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Monday, 21 November 2016

A View From The Back Of The Room: Delain & Everygrey (Live Review By Paul)

Delain, Tramshed Cardiff 17 November 2016

A cold rainy night in Cardiff but a reasonably sized crowd inside the Tramshed was already enjoying Canadian outfit Kobra And The Lotus (6) when I arrived. Their generic wail does little for me but they were enjoyable enough. Full credit to vocalist Kobra Paige who gives it everything and a decent reception from the crowd. Plus points for Kobra’s tolerance of a rather drunk fan at the mercy stand later in the evening.

The band many had clearly come to see arrived with an impressive intro before blasting into opener Passing Through from the rather good The Storm Within. Evergrey (9) rarely come to the U.K. and as Tom. S. Englund, frontman and guitarist of the band later noted, this was the first time they had ever been in Wales. With their dark, misery ridden themes this was never going to be a party knees up but Englund’s dry Swedish humour hit the spot exactly. Live the band are crushingly heavy in parts, the twin guitar attack of Englund and Henrike Danhage pleasantly soothed at times by Rikard Zander’s keyboards. A shortish set focused on songs from the most recent albums including three from 2014’s Hymns For The Broken. Polished, technically superb and with a crystal clear sound, Evergrey were quite fantastic.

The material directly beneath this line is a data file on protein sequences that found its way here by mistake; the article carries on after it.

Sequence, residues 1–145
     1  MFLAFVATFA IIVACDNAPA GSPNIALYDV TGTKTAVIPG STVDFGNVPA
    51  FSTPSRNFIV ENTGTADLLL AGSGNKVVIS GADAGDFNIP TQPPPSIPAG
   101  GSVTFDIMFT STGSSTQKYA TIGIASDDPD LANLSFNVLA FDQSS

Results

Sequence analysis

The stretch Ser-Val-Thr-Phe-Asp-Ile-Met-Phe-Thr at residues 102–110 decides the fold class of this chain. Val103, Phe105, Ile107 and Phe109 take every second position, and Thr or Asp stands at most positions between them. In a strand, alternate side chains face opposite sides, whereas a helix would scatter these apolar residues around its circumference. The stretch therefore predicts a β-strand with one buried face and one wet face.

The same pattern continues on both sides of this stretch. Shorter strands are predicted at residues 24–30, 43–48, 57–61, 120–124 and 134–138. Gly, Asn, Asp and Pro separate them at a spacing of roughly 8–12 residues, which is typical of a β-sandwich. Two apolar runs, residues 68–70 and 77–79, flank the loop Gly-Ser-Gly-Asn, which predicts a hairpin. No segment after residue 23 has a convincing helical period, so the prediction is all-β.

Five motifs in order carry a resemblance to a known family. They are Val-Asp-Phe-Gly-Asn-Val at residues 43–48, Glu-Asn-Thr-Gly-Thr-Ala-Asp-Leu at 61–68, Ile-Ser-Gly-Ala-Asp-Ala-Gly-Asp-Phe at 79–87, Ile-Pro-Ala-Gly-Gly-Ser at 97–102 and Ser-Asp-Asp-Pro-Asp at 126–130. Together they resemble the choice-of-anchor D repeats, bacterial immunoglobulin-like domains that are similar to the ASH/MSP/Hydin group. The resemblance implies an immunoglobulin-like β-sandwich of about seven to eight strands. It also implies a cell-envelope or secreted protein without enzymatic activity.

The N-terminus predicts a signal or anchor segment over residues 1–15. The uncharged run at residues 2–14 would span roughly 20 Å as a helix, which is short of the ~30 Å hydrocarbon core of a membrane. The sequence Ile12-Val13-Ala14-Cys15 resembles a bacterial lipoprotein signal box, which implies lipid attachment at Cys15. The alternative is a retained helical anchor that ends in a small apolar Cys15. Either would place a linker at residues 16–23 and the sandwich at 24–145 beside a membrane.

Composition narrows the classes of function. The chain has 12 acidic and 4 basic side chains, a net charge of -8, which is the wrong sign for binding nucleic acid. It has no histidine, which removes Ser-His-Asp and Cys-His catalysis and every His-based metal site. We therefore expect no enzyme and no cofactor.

Disappointingly the crowd thinned substantially for headliners Delain (9) but the Dutch outfit didn't care spite the gaping holes in the crowd. Front woman Charlotte Wessels has improved over the years, her stage persona full of confidence and her voice quite beautiful. With a set that focused largely on this year’s fine Moonbathers release, seven tracks in total, the band cranked it up to 11 and hit Cardiff hard. The last night on a energy sapping tour of 28 dates across Europe, band found their adrenaline and were excellent.

Guitarists Timo Somers and the latest recruit Merel Becktold swapped sides at random, drummer Ruben Israel held the beat and the finest named bassist in rock, Otto Schimmelpennicick Van Der Ojie laid the rampaging bass lines and occasional death vocals (which in my opinion do nothing to enhance the songs). At the back of the stage, proud Martijn Westerholt stood over his keyboards. As the original member and creator of the band, he must be proud. As they got into their stride, the crowd engaged more and more and although it got progressively smaller, the noise levels increased and by the time We are the Others hit it was rocking.

A rare opportunity to see some of the lesser known bands in metal in our backyard. An excellent evening and just a shame that there weren't more there to enjoy it.

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